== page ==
Hello Sour Beer Friends,
This past weekend, while brewing a table Saison with Cale Baker, I had the opportunity to taste my first sour beer from Cigar City Brewing of Tampa, Florida. Cigar City Brewing, well known amongst craft beer enthusiasts, sold its first beer in March of 2009 and went on to win its first GABF medal later that year, earning a gold for its Humidor Series IPA. Additionally, the brewery’s imperial stout Hunahpu’s, released once annually, is sought after and traded amongst beer geeks with the same fervor as other high-ABV stouts such as Three Floyd’s Dark Lord, Westbrook’s Mexican Cake, and The Bruery’s Black Tuesday.
From the beginning, Cigar City has produced sour beers, focusing on the incorporation of a wide variety of local ingredients such as guava, tangerines, limes, strawberries, peaches, mangos, and passion fruit. In the past six years, the brewery has produced a number of low ABV Berliner Weisse style beers as well as higher ABV American Wild Ales. Lactobacillus Apricot Grove, just released for the first time last month, is an American Wild Ale soured with Lactobacillus and then fermented with a Belgian yeast strain. This base beer then receives an addition of apricots which in turn sparks a third fermentation. The sour and fruit-forward Apricot Grove clocks in at 8% ABV, although you would never know it from the taste, as the beer is devoid of any alcohol heat or off-flavors.
Lactobacillus Apricot Grove pours a hazy orange color with a moderate level of head that quickly dissipates. The presence of Lactobacillus makes itself known in the aroma with notes of tart lactic acid and a bacterial mustiness indicative of primary fermentation with this bacteria. There is a perfume-like fruitiness and a touch of stone-fruit sulfur. We detected the subtle aroma of freshly sliced white peaches as well. Absent are traditional characteristics associated with Brettanomyces (which is not used in this beer’s fermentation) such as leather, wet hay, cheesiness, or horsiness. As the beer warmed up some light fruity Belgian yeast phenolics became noticeable.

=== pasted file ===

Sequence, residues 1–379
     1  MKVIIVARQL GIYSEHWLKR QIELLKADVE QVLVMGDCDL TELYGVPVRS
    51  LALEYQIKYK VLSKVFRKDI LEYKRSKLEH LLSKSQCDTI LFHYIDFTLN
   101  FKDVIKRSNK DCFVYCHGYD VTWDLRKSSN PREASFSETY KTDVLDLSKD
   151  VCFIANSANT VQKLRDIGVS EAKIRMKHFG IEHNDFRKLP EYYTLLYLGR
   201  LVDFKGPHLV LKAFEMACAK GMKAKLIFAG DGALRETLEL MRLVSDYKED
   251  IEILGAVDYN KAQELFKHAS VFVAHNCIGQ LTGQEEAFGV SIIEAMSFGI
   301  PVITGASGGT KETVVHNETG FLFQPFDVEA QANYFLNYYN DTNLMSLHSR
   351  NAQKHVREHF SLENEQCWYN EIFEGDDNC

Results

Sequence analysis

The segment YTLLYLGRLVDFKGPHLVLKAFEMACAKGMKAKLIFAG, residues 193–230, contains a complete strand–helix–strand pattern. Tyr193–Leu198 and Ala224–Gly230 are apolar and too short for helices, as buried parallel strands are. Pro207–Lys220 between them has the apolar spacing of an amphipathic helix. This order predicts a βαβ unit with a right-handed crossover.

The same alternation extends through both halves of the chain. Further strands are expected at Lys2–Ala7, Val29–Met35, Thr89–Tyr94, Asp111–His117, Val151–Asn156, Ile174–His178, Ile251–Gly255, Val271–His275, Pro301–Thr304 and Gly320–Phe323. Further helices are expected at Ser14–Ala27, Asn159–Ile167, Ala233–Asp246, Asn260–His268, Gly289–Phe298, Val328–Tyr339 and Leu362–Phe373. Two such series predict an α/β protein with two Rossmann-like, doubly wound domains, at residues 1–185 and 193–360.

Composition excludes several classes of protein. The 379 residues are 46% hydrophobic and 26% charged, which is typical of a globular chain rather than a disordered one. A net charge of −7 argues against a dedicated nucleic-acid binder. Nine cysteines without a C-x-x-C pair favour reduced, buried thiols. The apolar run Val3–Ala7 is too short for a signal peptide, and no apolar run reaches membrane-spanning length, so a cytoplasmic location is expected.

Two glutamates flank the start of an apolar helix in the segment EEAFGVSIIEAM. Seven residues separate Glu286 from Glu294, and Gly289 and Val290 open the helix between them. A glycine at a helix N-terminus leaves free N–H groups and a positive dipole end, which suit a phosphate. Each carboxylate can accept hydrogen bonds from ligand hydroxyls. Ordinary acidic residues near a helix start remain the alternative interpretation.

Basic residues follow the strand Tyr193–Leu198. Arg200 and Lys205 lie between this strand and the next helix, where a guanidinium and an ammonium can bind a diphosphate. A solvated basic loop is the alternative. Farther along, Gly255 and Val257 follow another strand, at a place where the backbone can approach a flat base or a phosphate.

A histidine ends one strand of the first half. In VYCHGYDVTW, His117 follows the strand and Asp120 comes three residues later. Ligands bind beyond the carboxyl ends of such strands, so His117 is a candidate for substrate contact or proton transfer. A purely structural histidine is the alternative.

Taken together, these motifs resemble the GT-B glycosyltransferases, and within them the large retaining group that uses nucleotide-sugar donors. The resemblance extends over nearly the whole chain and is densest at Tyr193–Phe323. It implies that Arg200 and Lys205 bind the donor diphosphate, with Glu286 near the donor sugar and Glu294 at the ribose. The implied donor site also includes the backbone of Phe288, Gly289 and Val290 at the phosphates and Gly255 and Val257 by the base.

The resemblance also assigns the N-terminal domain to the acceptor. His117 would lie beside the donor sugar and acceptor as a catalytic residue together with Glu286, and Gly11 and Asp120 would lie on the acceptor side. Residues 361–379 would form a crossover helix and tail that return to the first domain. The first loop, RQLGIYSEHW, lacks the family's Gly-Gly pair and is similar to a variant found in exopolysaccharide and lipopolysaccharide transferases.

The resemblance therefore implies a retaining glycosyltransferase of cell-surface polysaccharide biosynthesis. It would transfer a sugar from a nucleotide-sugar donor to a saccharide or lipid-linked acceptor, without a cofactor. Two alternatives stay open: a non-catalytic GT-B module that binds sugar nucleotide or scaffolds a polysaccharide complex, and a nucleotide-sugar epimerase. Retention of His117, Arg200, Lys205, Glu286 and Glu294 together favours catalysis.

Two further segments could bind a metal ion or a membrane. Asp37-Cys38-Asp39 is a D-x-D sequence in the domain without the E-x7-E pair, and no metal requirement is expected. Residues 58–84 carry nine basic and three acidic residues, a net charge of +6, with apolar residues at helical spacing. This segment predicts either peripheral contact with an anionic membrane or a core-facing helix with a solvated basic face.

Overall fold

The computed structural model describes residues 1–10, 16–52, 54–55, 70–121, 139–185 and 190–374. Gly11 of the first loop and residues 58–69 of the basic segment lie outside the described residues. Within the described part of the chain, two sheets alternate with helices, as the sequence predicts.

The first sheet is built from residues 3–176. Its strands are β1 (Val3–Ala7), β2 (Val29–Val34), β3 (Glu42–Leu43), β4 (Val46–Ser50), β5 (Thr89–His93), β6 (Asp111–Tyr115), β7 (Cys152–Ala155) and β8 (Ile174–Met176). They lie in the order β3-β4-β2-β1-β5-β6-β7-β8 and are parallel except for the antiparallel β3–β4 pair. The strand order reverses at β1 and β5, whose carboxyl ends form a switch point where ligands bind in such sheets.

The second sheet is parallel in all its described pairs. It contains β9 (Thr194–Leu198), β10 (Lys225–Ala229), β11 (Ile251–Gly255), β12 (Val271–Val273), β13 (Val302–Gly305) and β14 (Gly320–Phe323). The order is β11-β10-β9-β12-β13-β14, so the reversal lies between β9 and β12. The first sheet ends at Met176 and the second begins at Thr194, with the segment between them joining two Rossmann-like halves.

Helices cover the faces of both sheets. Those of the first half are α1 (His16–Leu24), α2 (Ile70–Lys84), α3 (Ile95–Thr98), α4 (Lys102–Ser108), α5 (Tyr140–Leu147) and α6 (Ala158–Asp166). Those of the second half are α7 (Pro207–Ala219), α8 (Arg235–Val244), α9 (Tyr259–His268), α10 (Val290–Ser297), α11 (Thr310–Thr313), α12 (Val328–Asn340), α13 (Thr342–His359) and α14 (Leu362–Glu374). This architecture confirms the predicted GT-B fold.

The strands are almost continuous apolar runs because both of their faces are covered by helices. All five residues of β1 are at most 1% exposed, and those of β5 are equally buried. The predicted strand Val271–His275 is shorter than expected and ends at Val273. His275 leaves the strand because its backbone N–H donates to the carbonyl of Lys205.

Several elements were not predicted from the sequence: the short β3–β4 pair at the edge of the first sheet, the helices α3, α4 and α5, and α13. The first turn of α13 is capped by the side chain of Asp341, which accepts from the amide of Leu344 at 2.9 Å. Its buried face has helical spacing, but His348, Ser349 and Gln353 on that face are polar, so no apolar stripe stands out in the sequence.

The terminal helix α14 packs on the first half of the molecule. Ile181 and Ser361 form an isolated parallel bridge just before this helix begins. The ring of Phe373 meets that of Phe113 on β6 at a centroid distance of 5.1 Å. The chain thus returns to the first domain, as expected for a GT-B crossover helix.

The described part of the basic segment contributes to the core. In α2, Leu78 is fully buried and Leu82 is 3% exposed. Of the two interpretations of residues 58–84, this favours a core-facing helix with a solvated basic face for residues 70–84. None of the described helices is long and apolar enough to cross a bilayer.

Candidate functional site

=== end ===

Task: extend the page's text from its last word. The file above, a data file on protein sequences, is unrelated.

When tasting Apricot Grove, sour apricot fruitiness and a high level of carbonation jump to the forefront. The beer is spritzy and quite tart, with the souring being entirely composed of lactic acid. There is no vinegar (acetic acid) in the sour profile. A touch of wild musty character is also present, but like the aroma, there is no true “funk” in the taste. The flavor of apricots and white peaches is bright and does not taste artificial or candy-like. Once my palate adjusted to the level of souring present, the beer’s malt backbone revealed itself to taste like baked crackers. As the beer warmed, more of the Belgian phenolics became apparent. These were of the fruity variety, without any significant amount of spiciness or clove being tasted. The finish is dry and refreshing and reminds me of the finish in a fruity white wine such as Pinot Gris. The high carbonation provides a light mouthfeel to an otherwise medium bodied beer.
Overall, Lactobacillus Apricot Grove is a very tasty and refreshing American Sour. The beer focuses on bright fresh fruit flavors and a clean sour profile balanced against the lightest of phenolics and a crisp cracker-like malt backbone. Absent are layers of earthy complexity or funk associated with Brettanomyces, but in a beer this bright and fruit-forward, I wasn’t left wanting these characteristics. If you have a chance to pick up bottles of this, I definitely recommend that you do so. I also would advise against aging this beer. It is tasting awesome fresh and, without Brettanomyces in the profile, it does not stand to gain anything from age while continued aging will likely reduce the fresh fruit flavors. I am definitely impressed with my first sour offering from Cigar City Brewing, and I look forward to trying more of their beers in the future.